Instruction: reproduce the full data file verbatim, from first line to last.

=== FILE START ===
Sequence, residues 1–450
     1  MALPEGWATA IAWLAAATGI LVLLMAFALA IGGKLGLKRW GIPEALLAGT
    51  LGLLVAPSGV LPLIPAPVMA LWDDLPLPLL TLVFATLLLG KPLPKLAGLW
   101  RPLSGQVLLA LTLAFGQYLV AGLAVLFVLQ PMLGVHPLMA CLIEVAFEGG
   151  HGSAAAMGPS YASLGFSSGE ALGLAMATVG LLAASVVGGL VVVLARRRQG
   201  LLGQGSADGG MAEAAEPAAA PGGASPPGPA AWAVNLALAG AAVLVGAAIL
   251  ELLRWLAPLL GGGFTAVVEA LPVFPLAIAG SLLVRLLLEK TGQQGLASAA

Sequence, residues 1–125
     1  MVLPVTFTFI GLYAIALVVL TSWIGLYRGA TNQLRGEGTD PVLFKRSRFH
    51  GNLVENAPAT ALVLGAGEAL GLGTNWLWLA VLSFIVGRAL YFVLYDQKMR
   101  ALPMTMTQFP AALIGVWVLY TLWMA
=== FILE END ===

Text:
Sequence, residues 1–450
     1  MALPEGWATA IAWLAAATGI LVLLMAFALA IGGKLGLKRW GIPEALLAGT
    51  LGLLVAPSGV LPLIPAPVMA LWDDLPLPLL TLVFATLLLG KPLPKLAGLW
   101  RPLSGQVLLA LTLAFGQYLV AGLAVLFVLQ PMLGVHPLMA CLIEVAFEGG
   151  HGSAAAMGPS YASLGFSSGE ALGLAMATVG LLAASVVGGL VVVLARRRQG
   201  LLGQGSADGG MAEAAEPAAA PGGASPPGPA AWAVNLALAG AAVLVGAAIL
   251  ELLRWLAPLL GGGFTAVVEA LPVFPLAIAG SLLVRLLLEK TGQQGLASAA

Sequence, residues 1–125
     1  MVLPVTFTFI GLYAIALVVL TSWIGLYRGA TNQLRGEGTD PVLFKRSRFH
    51  GNLVENAPAT ALVLGAGEAL GLGTNWLWLA VLSFIVGRAL YFVLYDQKMR
   101  ALPMTMTQFP AALIGVWVLY TLWMA